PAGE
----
export VAULT_ADDR=''
vault secrets disable kv/

The secret engines can be disabled only through their path and not through the type of secret engine. This can be checked again through the vault secrets list command.

As vault allows to do user authentication in several ways, in the next section we will be authenticating a user through the Vault token.

Token Authentication In Vault

When we started the Vault server, we initially set -dev-root-token-id="root" which can be stored as an $VAULT_TOKEN environment variable also. This variable helps Vault CLI to authenticate users, as Token authentication is enabled by default and the user doesn’t need to do login into the Vault server.

For authorization, this root token uses a root policy, which we will be seeing in the policy section.

Other than this root token, the user can create a new token as per requirement which will be a child token of the root token and it will be unique everytime .

  •  The token can be created through the following command and will get an output like shown in Figure 6.
export VAULT_ADDR=''
vault token create
Figure 6: Vault Token Authentication
Figure 6: Vault Token Authentication

Do login to the Vault server with this newly generated token.

export VAULT_ADDR=''
vault login

Copy the token value and paste the copied token value to do login into the Vault server and can start interacting with the server.

Figure 7: Vault login with a new token
Figure 7: Vault login with a new token
  • One can also revoke the token when it’s no longer needed. Replace <TOKEN_VALUE> with the token which you want to be revoked.
export VAULT_ADDR=''
vault token revoke <TOKEN_VALUE>

Next, try to login into the Vault server again with the same token you revoked and will get an error as shown in Figure 8.

Figure 8: Vault login error with revoked token
Figure 8: Vault login error with revoked token
  • Do login in to the vault server once again through vault login command and specify root as a token this time because as we revoked the new token created and to interact with the server we need to login again.
export VAULT_ADDR=''
vault login root

As we have seen how authentication works in Vault, now we will be authorizing users through policies.

Authorization In Vault with Policies

Policy in Vault is used to control a user’s access to the Vault. These policies support HCL (Hashicorp Configuration Language) and JSON.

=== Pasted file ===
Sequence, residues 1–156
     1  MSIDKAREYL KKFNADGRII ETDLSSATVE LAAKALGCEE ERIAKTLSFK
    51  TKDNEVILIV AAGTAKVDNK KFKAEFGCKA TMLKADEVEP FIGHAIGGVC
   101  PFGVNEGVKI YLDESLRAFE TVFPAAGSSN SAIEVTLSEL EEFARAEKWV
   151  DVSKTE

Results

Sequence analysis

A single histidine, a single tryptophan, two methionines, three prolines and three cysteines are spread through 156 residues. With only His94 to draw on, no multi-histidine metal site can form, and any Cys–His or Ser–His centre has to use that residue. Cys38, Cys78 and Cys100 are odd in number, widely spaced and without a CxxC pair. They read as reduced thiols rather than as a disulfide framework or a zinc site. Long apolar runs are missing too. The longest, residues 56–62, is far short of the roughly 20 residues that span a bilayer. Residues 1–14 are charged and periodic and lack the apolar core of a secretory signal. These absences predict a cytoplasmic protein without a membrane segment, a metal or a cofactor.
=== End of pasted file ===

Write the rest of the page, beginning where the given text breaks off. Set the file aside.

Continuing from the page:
We will be using HCL to write policy because at a personal level I think it’s better to write and understand it rather than in JSON format.

Vault already has a few policies configured i.e. default and root policy. The default policy has a set of common permissions and is enabled on all authentication methods by default. The root policy gives token super admin permission just like the root user on any Linux machine.

Write a Policy

  • Let’s write a Vault policy for K/V secret engine which will give access capabilities to create and update policies at the secret/data path. Other than this also include the read capabilities for a particular K/V secret at the secret/data/<secret_name> path
export VAULT_ADDR=''
vault policy write example-policy - << EOF
path "secret/data/*" {
 capabilities = ["create", "update"]
path "secret/data/demo2" {
 capabilities = ["read"]
  • To list out the policies 
export VAULT_ADDR=''
vault policy list
  • To read the newly created policy 
export VAULT_ADDR=''
vault policy read example-policy

Test the Policy

  • As the policies are associated with tokens, let’s create a vault token with the above policy and set it as an environment variable.
export VAULT_ADDR=''
export VAULT_TOKEN="$(vault token create -field token -policy=example-policy)"
  • To verify that the token was created properly and with the correct policy being attached to it
export VAULT_ADDR=''
export VAULT_TOKEN="$(vault token create -field token -policy=example-policy)"
vault token lookup | grep policies
  • Now, let’s create a K/V secret to test the policy
export VAULT_ADDR=''
export VAULT_TOKEN="$(vault token create -field token -policy=example-policy)"
vault kv put secret/hello color=blue

As in the policy, we have provided create and update capabilities to the secret/data/* path, so we are able to create the hello secret.

  • Also, we have provided only read capability to secret/data/demo2, let’s try to create this secret by putting multiple values.
export VAULT_ADDR=''
export VAULT_TOKEN="$(vault token create -field token -policy=example-policy)"
vault kv put secret/demo2 color=blue foo2=bar2

This will give an error as only reading permission is enabled at this path.

Figure 9: Error in secret creation because of only read access in Policy
Figure 9: Error in secret creation because of only read access in Policy


In this blog, we have learned about the Vault along with its architecture and saw how to interact with the Vault server by performing different operations on it.

What next?

Next, we will be going to see how to unseal a sealed vault.